What?

Re:shrunken (2, Funny)

Opportunist (166417) | more than 5 years ago | (#26090559)

I was actually waiting for a few jokes revolving around "they saved"+$celebrity+"'s brain", but no hit so far either.

Re:shrunken (1)

maxume (22995) | more than 5 years ago | (#26091219)

"The researchers have contacted John McCain and fully intend to return the brain to him."

Re:shrunken (1)

owlnation (858981) | more than 5 years ago | (#26091437)

Ah, no... it's not John McCain's.

It's George W. Bush's. His brain has been in the UK all along. Occam's Razor -- it goes a long way to explaining a great deal.

Re:shrunken (1)

CptNerd (455084) | more than 5 years ago | (#26092787)

Sounds like an advertisement: "It goes a long way to explain a great deal"...on used brains! I guess a brain dealer named "Crazy Eddie" wouldn't be very good, though...

Re:shrunken (0)

Anonymous Coward | more than 5 years ago | (#26093391)

Bah. Saying you've found George W. Bush's brain is the same as saying you've found Dick Cheney's heart.

Re:shrunken (1)

phorm (591458) | more than 5 years ago | (#26091763)

No, they also found a shrunken heart which they attribute to the owner being either a politician/lawyer.

The brain they believe may have belonged to a early **professional athlete, and it's lasted for quite a long time because it apparently wasn't used much :-)

**disclaimer: Humor intended, I actually know some fairly smart athletes

Re:shrunken (1)

Chrisje (471362) | more than 5 years ago | (#26100939)

Hey man, if you explain the Joke ad nauseam it ain't funny anymore.

You ever see Eddie Murphy explain that he actually knew Jamaicans with Normal Dicks (TM)? Or did you ever see Richard Pryor explain he actually knew some black people that couldn't outrun a dobermann? Should have more faith in your joke. Tsk tsk... it was a perfectly fine joke. Until that American Disclaimer popped up.

Thanks (0)

Anonymous Coward | more than 5 years ago | (#26090263)

Now, can I have it back?

Re:Thanks (4, Funny)

danieltdp (1287734) | more than 5 years ago | (#26090335)

That explains a lot. They found Anonymous Coward's brain!

Re:Thanks (0)

Anonymous Coward | more than 5 years ago | (#26091913)

Great, now put it back in the ground. Can't you see it hasn't sprouted, yet? You can dig it up in the summer after I harvest the brain crop.

Dear Mr. Cheney. (0)

Anonymous Coward | more than 5 years ago | (#26090349)

We will get it back to you as soon as we are done with it.

Sincerely

York University

Yeah right... (-1, Troll)

Anonymous Coward | more than 5 years ago | (#26090331)

Carbon-14 dating is the standard method used by scientists to determine the age of certain fossilized remains. As scientists will often claim something to be millions or billions of years old (ages that do not conform to the Biblical account of the age of the earth), Christians are often left wondering about the accuracy of the carbon-14 method. The truth is, carbon-14 dating (or radiocarbon dating, as itâ(TM)s also called) is not a precise dating method in many cases, due to faulty assumptions and other limitations on this method.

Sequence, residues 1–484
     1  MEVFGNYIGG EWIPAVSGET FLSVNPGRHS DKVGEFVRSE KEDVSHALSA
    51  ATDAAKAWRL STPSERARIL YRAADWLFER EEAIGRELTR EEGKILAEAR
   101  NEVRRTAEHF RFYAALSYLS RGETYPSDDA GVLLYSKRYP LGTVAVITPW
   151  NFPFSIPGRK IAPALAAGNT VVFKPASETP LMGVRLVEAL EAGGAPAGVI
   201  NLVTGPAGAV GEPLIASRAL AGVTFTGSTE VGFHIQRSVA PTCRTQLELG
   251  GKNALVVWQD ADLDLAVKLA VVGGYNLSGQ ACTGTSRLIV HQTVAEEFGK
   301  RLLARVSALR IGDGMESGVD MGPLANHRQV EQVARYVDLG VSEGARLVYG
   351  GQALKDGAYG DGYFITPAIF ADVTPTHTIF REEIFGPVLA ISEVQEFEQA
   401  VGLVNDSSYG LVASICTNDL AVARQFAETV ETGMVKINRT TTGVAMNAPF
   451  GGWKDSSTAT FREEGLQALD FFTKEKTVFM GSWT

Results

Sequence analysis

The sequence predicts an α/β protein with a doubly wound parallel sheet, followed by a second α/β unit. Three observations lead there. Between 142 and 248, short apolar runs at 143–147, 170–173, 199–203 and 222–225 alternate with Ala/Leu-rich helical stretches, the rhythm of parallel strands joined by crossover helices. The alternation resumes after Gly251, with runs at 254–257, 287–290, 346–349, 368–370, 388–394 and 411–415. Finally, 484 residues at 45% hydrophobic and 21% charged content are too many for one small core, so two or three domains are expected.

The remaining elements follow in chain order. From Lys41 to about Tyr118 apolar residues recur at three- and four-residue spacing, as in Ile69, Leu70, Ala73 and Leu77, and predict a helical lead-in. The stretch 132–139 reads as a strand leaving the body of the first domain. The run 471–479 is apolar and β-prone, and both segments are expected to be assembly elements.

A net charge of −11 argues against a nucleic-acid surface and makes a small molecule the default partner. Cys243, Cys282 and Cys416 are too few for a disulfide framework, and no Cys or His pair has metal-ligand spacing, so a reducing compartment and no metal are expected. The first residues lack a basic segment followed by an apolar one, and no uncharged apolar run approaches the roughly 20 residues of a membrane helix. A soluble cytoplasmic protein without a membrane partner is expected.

Carbon has a weight of twelve atomic mass units (AMUâ(TM)s), and is the building block of all organic matter (plants and animals). A small percentage of carbon atoms have an atomic weight of 14 AMUâ(TM)s. This is carbon-14. Carbon-14 is an unstable, radioactive isotope of carbon 12. As with any radioactive isotope, carbon-14 decays over time. The half-life of carbon 14 is approximate 5,730 years. That means if you took one pound of 100 percent carbon-14, in 5,730 years, you would only have half a pound left.

Carbon-14 is created in the upper atmosphere as nitrogen atoms are bombarded by cosmic radiation. For every one trillion carbon-12 atoms, you will find one carbon-14 atoms. The carbon-14 that results from the reaction caused by cosmic radiation quickly changes to carbon dioxide, just like normal carbon-12 would. Plants utilize, or âoebreath inâ carbon dioxide, then ultimately release oxygen for animals to inhale. The carbon-14 dioxide is utilized by plants in the same way normal carbon dioxide is. This carbon-14 dioxide then ends up in humans and other animals as it moves up the food chain.

There is then a ratio of carbon-14 to carbon-12 in the bodies of plants, humans, and other animals that can fluctuate, but will be fixed at the time of death. After death, the carbon-14 would begin to decay at the rate stated above. In 1948, Dr. W.F. Libby introduced the carbon-14 dating method at the University of Chicago. The premise behind the method is to determine the ratio of carbon-14 left in organic matter, and by doing so, estimate how long ago death occurred by running the ratio backwards. The accuracy of this method, however, relies on several faulty assumptions.

First, for carbon-14 dating to be accurate, one must assume the rate of decay of carbon-14 has remained constant over the years. However, evidence indicates that the opposite is true. Experiments have been performed using the radioactive isotopes of uranium-238 and iron-57, and have shown that rates can and do vary. In fact, changing the environments surrounding the samples can alter decay rates.